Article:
Saturday, October 25, 2008

Wistful Thinking



Sauter- Finegan Orch.
Mess Group- The Beginning (At the Perished Mountaineer's Hotel)
Terry Riley - journey
Tones On Tail - rain
Salon de Musique
Khmensayok (Thailand 1959, rec. Kaufman)
Atrium Musicae de Madrid – hymne au soleil
Kraus & Bird - gnossienne
Columbia University Group for Contemporary Music – yo ko (c. Chou Wen Chung)
Austin Wells – west of eden
John Gavanti
Nicols-Cooper-Leandre
Open Sky – spirit in the sky
Pyramids - reaffirmation
Sonny & Linda Sharrock - gary's step
Beggars Opera -nimbus
Francoise Hardie - il est trop loin
Renderers – I can hear the devil call me
Hedy West - shady grove
Grayson & Oberheim - homage to Bach
JI Ivey - pinball (University of Toronto EMS 1965)
Reuben Siggers – ebb tide



Thursday, October 16, 2008

Hostel Takeover



Part One

airedales - drumsville
kishor kumar & asha bhosle - chor
selcuk alagoz - gecti yolun yarisi
tania maria – fio maravilha
eileen – le parfum des bois
growing society - the red fuzz
telstars – hold tight
what for – gonna destroy that boy
roberto carlos - negro gato
seawind – new orleans

Part Two

association - changes
leaves – lemon princess
fedra y maximiliano – ayer de noche
wendy & bonnie - it’s what’s really happening
recurring love habit - faiola brothers
kim sang hee
los juniors de santa tecla – que puedo hacer sin ti
richard shann - wooly buger part 2
sounds of harley – victo blues
stained glass – scene in between
status quo - when my mind is not live
roger miller – shame bird
acoma - my long lost friend
last mile ramblers - future on ice
castells – two lovers


Friday, October 10, 2008

Violent Squirrels



Part One

chrome - electric chair
this heat – health & efficiency
twist II
stranglers - do the euro
fatal microbes – violence grows
tuxedomoon - everything you want
asbestos rockpile – police state
joe crow - compulsion
wang chuck & tesheten dorjee - boom boom boom
anand raj – disco TM (Dashat)
afrosound – el regreso de ET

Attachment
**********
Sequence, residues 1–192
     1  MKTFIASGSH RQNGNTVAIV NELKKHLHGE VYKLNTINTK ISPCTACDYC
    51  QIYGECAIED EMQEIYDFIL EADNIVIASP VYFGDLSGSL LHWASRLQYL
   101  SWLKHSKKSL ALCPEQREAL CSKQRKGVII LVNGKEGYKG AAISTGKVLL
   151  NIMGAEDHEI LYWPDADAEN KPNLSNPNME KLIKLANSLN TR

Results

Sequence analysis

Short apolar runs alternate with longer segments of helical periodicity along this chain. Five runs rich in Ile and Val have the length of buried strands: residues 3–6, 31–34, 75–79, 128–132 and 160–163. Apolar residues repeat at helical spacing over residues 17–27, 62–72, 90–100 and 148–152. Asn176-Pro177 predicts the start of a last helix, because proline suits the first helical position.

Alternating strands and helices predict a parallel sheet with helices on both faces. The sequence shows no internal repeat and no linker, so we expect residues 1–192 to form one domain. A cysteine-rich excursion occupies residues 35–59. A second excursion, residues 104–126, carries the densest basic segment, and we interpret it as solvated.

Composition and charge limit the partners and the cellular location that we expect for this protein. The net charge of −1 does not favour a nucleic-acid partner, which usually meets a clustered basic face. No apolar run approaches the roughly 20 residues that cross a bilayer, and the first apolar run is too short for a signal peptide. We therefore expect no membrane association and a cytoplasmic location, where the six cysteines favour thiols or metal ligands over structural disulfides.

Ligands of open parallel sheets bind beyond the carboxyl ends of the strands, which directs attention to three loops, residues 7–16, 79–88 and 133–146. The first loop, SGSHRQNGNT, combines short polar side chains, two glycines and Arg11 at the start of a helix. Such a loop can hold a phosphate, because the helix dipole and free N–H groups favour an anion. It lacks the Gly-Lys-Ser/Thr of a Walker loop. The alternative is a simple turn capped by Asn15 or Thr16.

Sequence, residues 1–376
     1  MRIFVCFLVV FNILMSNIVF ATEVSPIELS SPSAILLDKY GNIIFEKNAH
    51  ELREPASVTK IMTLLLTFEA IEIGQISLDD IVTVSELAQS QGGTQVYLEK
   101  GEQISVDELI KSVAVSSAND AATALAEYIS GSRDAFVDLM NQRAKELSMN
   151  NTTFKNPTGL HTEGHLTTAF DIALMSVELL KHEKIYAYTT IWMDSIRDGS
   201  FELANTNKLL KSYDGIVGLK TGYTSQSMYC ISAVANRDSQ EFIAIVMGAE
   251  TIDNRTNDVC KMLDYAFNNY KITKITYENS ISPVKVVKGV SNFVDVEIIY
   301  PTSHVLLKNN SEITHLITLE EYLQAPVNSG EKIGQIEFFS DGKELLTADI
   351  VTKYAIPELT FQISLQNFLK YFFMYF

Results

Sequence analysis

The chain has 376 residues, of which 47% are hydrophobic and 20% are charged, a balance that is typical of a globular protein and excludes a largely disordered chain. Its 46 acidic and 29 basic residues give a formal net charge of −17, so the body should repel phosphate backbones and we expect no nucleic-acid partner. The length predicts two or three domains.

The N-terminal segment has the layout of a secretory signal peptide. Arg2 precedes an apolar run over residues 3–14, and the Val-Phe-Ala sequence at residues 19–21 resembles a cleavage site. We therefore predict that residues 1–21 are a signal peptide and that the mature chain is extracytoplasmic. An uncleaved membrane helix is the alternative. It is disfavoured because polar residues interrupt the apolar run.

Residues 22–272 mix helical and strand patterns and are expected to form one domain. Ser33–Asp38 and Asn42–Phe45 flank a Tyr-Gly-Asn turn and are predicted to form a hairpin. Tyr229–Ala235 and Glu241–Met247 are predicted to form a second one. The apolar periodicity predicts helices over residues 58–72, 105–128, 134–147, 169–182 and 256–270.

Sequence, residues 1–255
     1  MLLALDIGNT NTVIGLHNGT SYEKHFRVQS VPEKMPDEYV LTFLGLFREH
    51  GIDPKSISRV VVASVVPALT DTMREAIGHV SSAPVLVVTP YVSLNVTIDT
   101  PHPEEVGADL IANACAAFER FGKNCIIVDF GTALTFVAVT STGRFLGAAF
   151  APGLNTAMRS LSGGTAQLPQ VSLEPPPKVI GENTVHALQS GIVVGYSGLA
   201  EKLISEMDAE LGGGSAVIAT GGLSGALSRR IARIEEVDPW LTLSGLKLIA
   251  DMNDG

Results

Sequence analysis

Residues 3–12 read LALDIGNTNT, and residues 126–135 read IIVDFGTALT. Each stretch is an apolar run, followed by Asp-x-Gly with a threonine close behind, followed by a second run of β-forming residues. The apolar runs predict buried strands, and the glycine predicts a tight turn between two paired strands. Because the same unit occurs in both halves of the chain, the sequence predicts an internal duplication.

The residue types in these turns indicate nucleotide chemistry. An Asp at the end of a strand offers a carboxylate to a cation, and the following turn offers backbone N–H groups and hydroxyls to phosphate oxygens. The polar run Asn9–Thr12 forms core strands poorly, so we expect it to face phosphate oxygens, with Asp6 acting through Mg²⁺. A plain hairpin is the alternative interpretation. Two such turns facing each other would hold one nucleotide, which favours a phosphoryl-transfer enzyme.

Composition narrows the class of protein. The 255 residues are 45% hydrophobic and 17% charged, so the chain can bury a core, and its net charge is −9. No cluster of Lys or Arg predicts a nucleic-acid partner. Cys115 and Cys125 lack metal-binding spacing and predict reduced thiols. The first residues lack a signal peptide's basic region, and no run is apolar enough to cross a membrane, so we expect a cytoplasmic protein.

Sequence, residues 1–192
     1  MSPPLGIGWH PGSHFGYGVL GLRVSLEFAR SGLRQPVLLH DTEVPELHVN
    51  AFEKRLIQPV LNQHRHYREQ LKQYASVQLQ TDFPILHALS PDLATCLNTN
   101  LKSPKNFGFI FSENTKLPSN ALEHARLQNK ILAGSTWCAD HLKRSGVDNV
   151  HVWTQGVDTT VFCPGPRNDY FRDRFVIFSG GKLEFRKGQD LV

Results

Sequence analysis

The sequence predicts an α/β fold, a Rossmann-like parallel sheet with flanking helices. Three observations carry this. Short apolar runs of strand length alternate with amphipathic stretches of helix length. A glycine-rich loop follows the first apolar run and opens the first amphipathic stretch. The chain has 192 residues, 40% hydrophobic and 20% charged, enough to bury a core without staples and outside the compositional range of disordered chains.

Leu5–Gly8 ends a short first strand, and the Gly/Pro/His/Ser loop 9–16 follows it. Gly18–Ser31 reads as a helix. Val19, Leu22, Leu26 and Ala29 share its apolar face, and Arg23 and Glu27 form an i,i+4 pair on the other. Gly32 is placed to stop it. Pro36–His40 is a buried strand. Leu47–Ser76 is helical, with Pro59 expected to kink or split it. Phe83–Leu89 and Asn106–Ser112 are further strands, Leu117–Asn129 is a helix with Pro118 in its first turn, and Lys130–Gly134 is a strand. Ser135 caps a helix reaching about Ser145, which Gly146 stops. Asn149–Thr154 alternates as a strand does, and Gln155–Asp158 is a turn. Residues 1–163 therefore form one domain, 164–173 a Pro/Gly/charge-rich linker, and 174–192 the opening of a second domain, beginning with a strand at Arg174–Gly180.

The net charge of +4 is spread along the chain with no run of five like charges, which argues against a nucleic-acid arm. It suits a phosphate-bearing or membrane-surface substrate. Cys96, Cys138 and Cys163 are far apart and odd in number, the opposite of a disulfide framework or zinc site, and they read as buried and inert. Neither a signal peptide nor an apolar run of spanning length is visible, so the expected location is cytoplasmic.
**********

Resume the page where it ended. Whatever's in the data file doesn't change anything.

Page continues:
pop group - she is beyond good & evil

Part Two

wally gonzalez – wally’s blues
toiling midgets - preludes
frith & kaiser – objects every day
bourbonese qualk - qualk street
revolutionaries - earthquake
H&L all stars – give me more music
westwood magic
puff tube - boys of summer

Thursday, October 2, 2008

Hot Cold Blooded Invertebrates

In which oldies, string-driven things, blues with a feeling, field recordings (mostly from Virginia and the American Southeast), and a few novelty records about Othering sit together at one table, fiddling with their party favors and wondering who’s going to say what first.






We begin with a portion of Sir Arthur Sullivan’s letter to Thomas Edison, recorded to cylinder in England on October 5th, 1888; truly the beginning of the end. Gary Kail’s “Media Saturation” is early 80’s LA collage damage. “Journey into Space” comes from a friend’s father, who as a carny in Atlantic City would play this record for amusement rides. Vess L. Ossman’s smokin’ ”Smoky Mokes” was cut in 1900. Ossman was the eddie van of his day, and recorded for virtually every label of the time. This tune stuck around for a while, too; I know some western swing bands played it. Although people classify stuff like the Brilliant Quartette’s “Hear Dem Bells” as the vulgar distortion of minstrelsy (and it sort of am), I hear a lot of actual white folk hollering in there too, which therefore makes this c.1896 Berliner an early antecedent to country recording indeed.
Next, Scotch mystic absurdist Ivor Cutler offers some beekeeping advice, followed by a bit of Jim Fassett’s “Symphony of the Birds” and some colonial residue from the Indian film Junoon. Continuing the ethnoforgery, Lincoln Chase throws some real Africa into his “Deep in the Jungle” routine, but is almost outdone by the sheer obtusity of Lou Berrington’s “The Kwela,” whose intended audience one can hardly imagine (the slightly less impenetrable flip’s been comped on Arf Arf).